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Forestry College Alumnus to Receive Medal of Honor

Army Sergeant William Shemin, class of 1924, to receive nationís highest honor

U.S. Army Sergeant William Shemin, an alumnus of the then-New York State College of Forestry and the Ranger School, will be awarded the Medal of Honor by President Barack Obama June 2.

Shemin will receive the Medal of Honor posthumously for his actions while serving as a member of Company G, 2nd Battalion, 47th Infantry Regiment, 4th Division, American Expeditionary Forces. Shemin distinguished himself during combat operations in the vicinity of the Vesle River, Bazoches, France, on Aug. 7-9, 1918.

Shemin entered the Army Oct. 2, 1917. He was assigned as a rifleman to Company G, 47th Infantry Regiment, which moved from Syracuse to Camp Greene, North Carolina, joining the 4th Infantry Division. The Division arrived in France in May 1918.

While serving as a rifleman from Aug. 7-9, 1918, Shemin left the cover of his platoon's trench and crossed open space, repeatedly exposing himself to heavy machine gun and rifle fire to rescue the wounded. After officers and senior non-commissioned officers had become casualties, Shemin, then 19 years old, took command of the platoon and displayed great initiative under fire, until he was wounded Aug. 9.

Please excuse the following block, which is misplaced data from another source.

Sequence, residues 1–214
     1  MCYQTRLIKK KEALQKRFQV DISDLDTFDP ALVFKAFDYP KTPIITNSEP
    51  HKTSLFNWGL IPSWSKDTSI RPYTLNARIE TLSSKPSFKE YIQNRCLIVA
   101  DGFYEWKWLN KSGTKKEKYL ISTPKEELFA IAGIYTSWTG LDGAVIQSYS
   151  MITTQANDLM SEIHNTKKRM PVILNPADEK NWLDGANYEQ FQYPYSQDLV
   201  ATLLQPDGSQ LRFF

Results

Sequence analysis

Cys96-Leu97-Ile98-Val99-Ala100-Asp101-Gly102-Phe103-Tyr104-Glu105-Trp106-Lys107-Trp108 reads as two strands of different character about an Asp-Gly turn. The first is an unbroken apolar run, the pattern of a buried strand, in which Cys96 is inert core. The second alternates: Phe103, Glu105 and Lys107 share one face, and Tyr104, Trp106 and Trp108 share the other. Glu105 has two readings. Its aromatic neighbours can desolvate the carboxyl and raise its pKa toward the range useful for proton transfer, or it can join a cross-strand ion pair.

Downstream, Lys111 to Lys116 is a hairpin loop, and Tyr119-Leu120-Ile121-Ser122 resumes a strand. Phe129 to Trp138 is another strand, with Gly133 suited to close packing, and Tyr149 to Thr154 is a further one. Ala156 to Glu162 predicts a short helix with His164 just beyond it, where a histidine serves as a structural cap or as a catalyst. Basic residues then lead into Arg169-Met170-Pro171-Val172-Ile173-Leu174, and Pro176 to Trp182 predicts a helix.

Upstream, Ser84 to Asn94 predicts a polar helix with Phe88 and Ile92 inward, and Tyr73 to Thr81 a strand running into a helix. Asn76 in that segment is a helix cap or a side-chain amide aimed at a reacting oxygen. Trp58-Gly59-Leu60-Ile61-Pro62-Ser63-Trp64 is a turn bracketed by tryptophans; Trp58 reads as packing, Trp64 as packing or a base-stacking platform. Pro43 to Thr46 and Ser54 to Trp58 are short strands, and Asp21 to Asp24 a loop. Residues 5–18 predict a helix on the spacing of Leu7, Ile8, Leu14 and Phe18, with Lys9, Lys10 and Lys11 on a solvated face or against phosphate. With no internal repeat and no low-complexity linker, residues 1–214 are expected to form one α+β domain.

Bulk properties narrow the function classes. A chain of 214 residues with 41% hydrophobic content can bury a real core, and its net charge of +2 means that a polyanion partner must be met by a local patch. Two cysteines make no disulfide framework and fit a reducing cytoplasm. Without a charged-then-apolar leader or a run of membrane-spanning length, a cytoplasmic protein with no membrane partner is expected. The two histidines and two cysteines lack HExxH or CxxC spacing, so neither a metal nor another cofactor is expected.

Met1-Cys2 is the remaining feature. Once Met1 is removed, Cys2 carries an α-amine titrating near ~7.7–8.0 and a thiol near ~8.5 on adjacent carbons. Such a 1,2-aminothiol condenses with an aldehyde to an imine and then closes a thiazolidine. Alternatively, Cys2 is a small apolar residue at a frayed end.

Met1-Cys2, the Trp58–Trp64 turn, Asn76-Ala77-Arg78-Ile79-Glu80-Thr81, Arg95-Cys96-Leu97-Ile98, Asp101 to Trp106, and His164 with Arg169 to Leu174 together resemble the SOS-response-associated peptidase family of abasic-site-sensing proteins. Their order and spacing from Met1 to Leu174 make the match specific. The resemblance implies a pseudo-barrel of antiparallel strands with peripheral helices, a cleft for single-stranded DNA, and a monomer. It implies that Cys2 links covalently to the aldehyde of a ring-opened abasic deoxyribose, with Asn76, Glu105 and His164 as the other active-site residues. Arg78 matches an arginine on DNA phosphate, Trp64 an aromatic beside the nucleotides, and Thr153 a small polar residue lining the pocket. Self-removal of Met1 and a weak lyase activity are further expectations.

He received the Distinguished Service Cross for his bravery and heroism.

Shemin was a member of the class of 1914 at the Ranger School. He was employed as a state ranger and as assistant city forester in Bayonne, New Jersey, before enlisting in the Army. After the war, he attended ESF, then called the New York State College of Forestry, graduating in 1924. As was the practice at the time, his diploma bears the name of both the College of Forestry and Syracuse University. Upon graduation, he started a greenhouse and landscaping business in the Bronx, where he and his wife raised three children.

His daughter, Elsie Shemin-Roth of Missouri will accept the honor on her father's behalf. Shemin-Roth worked for numerous years to ensure her father received the nation's highest honor for personal acts of valor above and beyond the call of duty.